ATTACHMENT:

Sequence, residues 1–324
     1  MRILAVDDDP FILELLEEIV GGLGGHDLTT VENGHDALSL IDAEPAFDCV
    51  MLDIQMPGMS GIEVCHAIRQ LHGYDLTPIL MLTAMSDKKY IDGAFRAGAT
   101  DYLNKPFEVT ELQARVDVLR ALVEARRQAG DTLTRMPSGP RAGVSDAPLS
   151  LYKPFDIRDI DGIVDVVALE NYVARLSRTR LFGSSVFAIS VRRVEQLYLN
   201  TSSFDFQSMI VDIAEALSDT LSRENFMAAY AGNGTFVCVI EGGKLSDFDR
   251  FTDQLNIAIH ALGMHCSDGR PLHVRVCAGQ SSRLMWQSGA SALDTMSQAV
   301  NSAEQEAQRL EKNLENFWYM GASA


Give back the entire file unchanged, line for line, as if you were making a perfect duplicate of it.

Sequence, residues 1–324
     1  MRILAVDDDP FILELLEEIV GGLGGHDLTT VENGHDALSL IDAEPAFDCV
    51  MLDIQMPGMS GIEVCHAIRQ LHGYDLTPIL MLTAMSDKKY IDGAFRAGAT
   101  DYLNKPFEVT ELQARVDVLR ALVEARRQAG DTLTRMPSGP RAGVSDAPLS
   151  LYKPFDIRDI DGIVDVVALE NYVARLSRTR LFGSSVFAIS VRRVEQLYLN
   201  TSSFDFQSMI VDIAEALSDT LSRENFMAAY AGNGTFVCVI EGGKLSDFDR
   251  FTDQLNIAIH ALGMHCSDGR PLHVRVCAGQ SSRLMWQSGA SALDTMSQAV
   301  NSAEQEAQRL EKNLENFWYM GASA